By Will Baskin-Gerwitz
The light reflecting off the buildings on Ventura Boulevard could not be seen because of the backs pushed up against the windows, crammed shoulder-to-shoulder, wall-to-wall. Feldman Horn 201 was standing-room only, just a minute past the end of second period, and the bag of bagels did not last more than five minutes into break. The room was so noisyÂ that by the time the leaders of the Young Leftists club tried to start the debate on the Iraq war Jan. 29, it took a good two minutes to lower the volume enough for conversation to begin.
Thereâs only one problem with this image: itâs not real.
There were no hordes of students and teachers flocking to the top of the school to partake in the debate, the boxes of food went mainly untouched and the six people that were in the room at its highest occupancy were not able to fill more than two-thirds of the chairs in the room.
The example of the empty Iraq debate is only one example of a wider current in Harvard-Westlake: many members of the community feel that the student body is losing its feel on the pulse of current events. Despite current events quizzes designed to get students to look at the news daily, many students cram for the quizzes, only getting a knowledge of the events strong enough to score well on quizzes.
Although the 197 sophomores polled said they averaged an A- on a current events quiz covering broad themes from the past year, those same students said they only look at the news for an average of 3.4 days weekly. Many said that they only look at the headlines to score well on the class quizzes.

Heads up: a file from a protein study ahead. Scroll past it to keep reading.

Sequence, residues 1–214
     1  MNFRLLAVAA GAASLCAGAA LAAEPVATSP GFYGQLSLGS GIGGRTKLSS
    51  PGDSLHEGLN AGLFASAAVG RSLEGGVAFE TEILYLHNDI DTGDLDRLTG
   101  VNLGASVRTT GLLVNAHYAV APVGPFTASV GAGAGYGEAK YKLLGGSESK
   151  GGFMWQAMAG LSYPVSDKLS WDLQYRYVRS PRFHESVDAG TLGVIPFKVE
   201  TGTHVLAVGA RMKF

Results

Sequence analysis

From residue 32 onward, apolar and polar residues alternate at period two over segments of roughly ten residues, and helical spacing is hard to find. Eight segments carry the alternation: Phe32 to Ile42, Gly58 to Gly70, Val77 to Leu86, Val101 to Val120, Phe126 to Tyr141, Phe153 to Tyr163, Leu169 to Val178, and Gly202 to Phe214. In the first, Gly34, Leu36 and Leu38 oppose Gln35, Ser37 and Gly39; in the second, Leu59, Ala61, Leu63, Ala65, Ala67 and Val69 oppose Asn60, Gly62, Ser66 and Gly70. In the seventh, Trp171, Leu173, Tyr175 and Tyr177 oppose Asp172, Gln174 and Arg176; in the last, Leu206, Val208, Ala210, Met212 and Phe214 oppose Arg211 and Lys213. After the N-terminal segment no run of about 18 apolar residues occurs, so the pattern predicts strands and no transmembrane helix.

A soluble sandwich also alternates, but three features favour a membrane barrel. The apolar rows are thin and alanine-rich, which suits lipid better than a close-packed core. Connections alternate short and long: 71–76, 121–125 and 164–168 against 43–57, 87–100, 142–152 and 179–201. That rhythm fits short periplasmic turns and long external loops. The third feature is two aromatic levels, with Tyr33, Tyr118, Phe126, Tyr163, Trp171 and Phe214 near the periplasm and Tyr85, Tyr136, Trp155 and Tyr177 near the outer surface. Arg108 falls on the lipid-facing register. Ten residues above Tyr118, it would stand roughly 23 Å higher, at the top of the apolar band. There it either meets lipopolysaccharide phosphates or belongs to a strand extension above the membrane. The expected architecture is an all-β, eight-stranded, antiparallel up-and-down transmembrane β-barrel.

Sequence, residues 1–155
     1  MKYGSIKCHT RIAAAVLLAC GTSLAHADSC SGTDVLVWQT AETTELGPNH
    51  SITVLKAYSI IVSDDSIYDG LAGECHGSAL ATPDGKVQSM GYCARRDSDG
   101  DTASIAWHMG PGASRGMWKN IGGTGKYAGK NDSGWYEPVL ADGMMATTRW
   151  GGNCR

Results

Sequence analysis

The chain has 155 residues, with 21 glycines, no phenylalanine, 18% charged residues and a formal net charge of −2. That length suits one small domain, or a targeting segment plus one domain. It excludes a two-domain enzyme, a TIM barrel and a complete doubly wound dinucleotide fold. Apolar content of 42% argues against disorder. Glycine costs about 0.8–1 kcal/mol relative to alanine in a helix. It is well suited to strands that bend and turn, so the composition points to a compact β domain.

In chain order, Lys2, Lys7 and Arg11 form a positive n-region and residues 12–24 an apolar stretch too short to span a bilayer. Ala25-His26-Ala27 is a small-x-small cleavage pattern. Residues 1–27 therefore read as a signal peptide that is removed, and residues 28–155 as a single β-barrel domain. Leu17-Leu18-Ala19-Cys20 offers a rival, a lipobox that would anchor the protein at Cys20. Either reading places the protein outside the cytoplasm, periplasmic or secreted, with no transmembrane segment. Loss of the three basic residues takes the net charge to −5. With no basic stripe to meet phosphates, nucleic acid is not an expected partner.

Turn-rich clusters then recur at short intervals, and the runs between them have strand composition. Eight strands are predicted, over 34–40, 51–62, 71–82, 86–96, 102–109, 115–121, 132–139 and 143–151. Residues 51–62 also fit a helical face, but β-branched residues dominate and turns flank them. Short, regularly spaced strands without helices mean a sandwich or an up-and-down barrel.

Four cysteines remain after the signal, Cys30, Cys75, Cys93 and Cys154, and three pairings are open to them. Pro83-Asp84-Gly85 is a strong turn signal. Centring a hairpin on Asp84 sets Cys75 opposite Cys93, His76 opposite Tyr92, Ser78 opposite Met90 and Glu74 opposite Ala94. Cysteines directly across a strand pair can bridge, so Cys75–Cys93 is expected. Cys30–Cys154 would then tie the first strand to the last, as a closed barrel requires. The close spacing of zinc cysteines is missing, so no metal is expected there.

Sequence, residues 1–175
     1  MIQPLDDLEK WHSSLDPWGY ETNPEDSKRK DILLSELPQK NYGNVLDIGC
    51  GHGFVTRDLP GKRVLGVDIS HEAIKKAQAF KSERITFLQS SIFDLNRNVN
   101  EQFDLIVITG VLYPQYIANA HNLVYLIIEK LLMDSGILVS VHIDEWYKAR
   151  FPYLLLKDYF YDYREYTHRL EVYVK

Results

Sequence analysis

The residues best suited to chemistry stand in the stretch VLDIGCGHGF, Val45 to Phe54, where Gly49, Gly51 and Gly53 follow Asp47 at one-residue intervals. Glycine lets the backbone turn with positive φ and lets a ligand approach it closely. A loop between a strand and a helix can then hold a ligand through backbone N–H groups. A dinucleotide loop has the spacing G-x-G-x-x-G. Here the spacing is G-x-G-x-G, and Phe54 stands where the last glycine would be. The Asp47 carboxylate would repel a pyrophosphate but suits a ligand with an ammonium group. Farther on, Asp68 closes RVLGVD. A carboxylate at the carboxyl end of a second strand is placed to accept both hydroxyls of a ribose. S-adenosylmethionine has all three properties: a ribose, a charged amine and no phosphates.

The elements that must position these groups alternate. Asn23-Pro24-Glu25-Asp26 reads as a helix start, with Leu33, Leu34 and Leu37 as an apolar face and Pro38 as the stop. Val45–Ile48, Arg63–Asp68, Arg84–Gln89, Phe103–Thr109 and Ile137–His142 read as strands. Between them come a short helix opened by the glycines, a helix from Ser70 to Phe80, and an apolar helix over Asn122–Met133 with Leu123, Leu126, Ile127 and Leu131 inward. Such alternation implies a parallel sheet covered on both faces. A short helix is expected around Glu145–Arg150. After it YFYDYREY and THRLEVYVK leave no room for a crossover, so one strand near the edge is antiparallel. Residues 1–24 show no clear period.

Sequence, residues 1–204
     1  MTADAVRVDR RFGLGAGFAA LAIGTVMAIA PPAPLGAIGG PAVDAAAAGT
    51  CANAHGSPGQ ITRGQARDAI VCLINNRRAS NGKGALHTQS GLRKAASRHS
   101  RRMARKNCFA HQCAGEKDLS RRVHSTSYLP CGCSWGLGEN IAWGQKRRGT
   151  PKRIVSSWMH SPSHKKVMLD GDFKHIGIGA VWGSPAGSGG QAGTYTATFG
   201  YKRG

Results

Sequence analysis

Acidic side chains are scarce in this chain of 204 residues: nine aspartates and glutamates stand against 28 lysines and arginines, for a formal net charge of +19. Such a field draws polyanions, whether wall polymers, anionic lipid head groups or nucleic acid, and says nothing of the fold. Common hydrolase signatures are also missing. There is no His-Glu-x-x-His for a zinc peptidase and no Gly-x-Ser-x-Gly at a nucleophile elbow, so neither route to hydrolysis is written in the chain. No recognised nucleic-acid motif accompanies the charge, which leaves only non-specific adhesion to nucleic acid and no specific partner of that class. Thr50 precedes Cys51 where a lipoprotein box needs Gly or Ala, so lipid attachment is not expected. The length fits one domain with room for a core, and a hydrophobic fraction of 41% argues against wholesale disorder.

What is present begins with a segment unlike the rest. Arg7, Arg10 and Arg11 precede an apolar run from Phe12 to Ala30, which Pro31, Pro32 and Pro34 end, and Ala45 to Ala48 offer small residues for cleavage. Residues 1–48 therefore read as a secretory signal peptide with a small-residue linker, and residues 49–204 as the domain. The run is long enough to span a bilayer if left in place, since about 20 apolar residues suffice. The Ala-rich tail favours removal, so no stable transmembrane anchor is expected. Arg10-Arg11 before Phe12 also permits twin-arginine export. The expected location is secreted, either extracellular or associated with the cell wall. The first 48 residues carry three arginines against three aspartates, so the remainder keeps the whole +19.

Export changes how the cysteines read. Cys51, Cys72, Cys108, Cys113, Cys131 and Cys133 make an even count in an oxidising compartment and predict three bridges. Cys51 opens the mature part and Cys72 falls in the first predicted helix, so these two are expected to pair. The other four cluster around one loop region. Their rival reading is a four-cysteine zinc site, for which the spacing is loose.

History teacher Greg Gonzalezâs experience with quizzes, however, is much different from the poll results. He estimates that on his quizzes, which he gives about twice a month, the average score is around a 70. Other teachers have had similar results with their quizzes, seeing an average grade of a C to C-.
âI think you have to make a conscious effort to be aware [of the news],â Tasia Smith â08, an A.P. U.S. History student who is involved in active groups such as Teens against Genocide said.
âI think besides reading for news quizzes, [students need to] actually get interested, read some stories and find one that catches their eye and try to learn more about the world instead of thinking, âOh, thatâs boringâ.â
The history department is also split on whether to try new methods to increase knowledge of current affairs or if the basic quiz is enough. Others would like to see a shift toward more discussion-based activities, such as the round-table discussions with students and teachers that marked the fifth anniversary of the 9/11 attacks. Teachers are already implementing new methods to try to avoid the quiz. Gonzalez often sends his students to magazines in the library to write on specific articles. History teacher Dror Yaron would like next year not to have to give a current topics quiz during the first semester, but rather have his students write their own sample quizzes, testing him and themselves in the process.
The level of the questions that the students write reflects how in-depth their knowledge of the past weekâs news is.
Despite controversy over how knowledgeable students are about current events, Gonzalez feels that what the history department has done is progress over his high school days.
âI definitely read the paper every day [when I was in high school],â he said. âBut it was usually the sports section.â